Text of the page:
HR and the Internet of things

As companies continue to adopt cloud computing, HR is actually ahead of the curve, with more time being spent on using cloud solutions to efficiently increase workforce productivity than any other industry. The increase in the use of such tools is accompanied by having more availability of information, which is pushing HR expertise into middle management ranks which is freeing up human resource departments from training middle tier leadership. We are starting to see former HR job functions shifting to line management, while the role of HR continues to shift to business performance and execution, with systems such as cloud computing falling into HR’s remit.

Leveraging Employees as Advocates

A number of HR organisations especially within the US are now promoting advocacy programs within the office. This entails requesting employees to promote the business on their personal social media accounts. The practice enables employees to, again, feel more connected to their company – they are playing the role of active consumer. It also helps to attract new business, as well as prospective candidates.

The digital office and Workplace Flexibility

With most people seeing the digital office as just a potential form of remote working HR organizations are harnessing technology as not just a method to recruit new talent or facilitating in staff being based from home. As Forbes detailed, HR executives are becoming more concerned with creating a "workplace experience" with more digital communication between employers and employees. C-Suite leaders have recognised the need for establishing a more concrete relationship between an employee and the company they work for, in essence, by treating the employee more like a consumer or "customer." Increased communication has taken place in a number of ways – emails, instant messaging apps, company portals with updates and information and even mass online training sessions. A digital office is a more connected office and HR is playing a greater role in establishing a more effective office IT infrastructure.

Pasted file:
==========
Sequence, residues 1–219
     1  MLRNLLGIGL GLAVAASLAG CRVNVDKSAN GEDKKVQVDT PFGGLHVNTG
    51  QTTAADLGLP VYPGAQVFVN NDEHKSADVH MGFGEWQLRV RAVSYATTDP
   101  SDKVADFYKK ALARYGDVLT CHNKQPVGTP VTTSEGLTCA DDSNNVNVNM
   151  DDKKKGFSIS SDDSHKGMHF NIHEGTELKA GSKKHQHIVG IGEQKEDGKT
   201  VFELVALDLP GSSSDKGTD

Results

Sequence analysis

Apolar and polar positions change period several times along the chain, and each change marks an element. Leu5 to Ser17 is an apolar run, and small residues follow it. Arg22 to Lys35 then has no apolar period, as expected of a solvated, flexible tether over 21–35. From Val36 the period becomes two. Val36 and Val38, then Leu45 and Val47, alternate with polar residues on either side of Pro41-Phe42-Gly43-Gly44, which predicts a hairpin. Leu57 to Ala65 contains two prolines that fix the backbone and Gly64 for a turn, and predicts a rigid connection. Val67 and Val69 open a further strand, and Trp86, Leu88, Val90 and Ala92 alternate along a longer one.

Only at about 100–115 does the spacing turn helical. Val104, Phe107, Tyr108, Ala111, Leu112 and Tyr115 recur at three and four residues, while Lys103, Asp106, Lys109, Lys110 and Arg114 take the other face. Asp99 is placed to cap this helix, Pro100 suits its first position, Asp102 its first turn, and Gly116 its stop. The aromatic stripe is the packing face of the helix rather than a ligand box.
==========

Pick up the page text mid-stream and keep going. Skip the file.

Nick Livingstone, Director of Redline Group’s comments: ‘HR professionals are undoubtedly in the midst of a challenging period for talent acquisition. Job creation was strong throughout 2014 and 2015, and that growth has encouraged more people to pursue employment opportunities. However, due to the consumerisation in HR, candidate skills frequently do not match the openings that are available. Redline’s HR division has witnessed the demand for candidates to understand and have implemented advanced HR technology and practices. There is a growing need for HR professionals to learn more about these subjects as it will become more common-place and a necessary requirement in the future of HR candidates. The HR technology arena is bursting with many new applications that shift the focus towards a more consumer-like experience and away from tools created to streamline the work of HR administration.